Even though you are bowing out, I can see that the hard work (largely all undone at this point) will be worth it.

    I don’t know if I’ll get all I want out of derby, but I’m trying not to get ahead of myself anymore.

    • Michelle, I do the exact same thing — anxiety about the ends before they’ve even happened. I have that weird, “This might be the last thing you ever say to each other” moment just about every day with just about everyone I love. I always assumed it was from how many damn times I’ve had to say goodbye in my life, what with all the moving I’ve done.

      You’ll get all you want out of derby, no doubt. But you might surprise yourself just how long you’ll want it, and what you’ll do to stay with it.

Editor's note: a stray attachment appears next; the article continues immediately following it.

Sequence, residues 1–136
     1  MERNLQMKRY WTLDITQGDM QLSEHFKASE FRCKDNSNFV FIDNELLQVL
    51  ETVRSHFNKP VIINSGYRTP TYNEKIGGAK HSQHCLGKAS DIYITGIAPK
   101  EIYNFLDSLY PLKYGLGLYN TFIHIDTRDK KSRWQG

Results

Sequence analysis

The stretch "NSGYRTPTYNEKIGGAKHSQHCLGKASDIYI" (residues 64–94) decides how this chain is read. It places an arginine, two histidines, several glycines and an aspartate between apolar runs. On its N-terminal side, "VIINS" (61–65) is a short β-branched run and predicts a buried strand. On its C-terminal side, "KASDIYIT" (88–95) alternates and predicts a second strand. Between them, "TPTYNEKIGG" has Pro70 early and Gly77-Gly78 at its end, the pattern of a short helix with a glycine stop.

4. OMG! This is so bittersweet! I haven’t yet gotten to know you as well as I’d have liked, but through your writing I’ve really identified with you. Going in Circles and your blog very much spoke to me in a way that identified some parts of the journey I was going through; in derby and in life.

    I very much understand your leaving the sport. I went through a lot of those feelings early on in my derby career and know that I have an expiration date. I see it off in the distance. It feels far off, but also too close.

    I really wish you well. In some ways I’m jealous. We all sacrifice so much to do this.

    Now don’t be a stranger. wReck League. And post when you’re coming so we know to come out and bash you around, kay?

    Good luck!!!!

    • Penny!

      I really haven’t gotten the chance to tell you that you are without a doubt one of my favorite people I met in the past year. I’m flattered and honored you identified with me, and I’ve been so damn impressed with you ever since the first time I saw you, when I was taking pictures at your first VB bout and I turned to someone and asked, “Who IS that? She’s amazing!”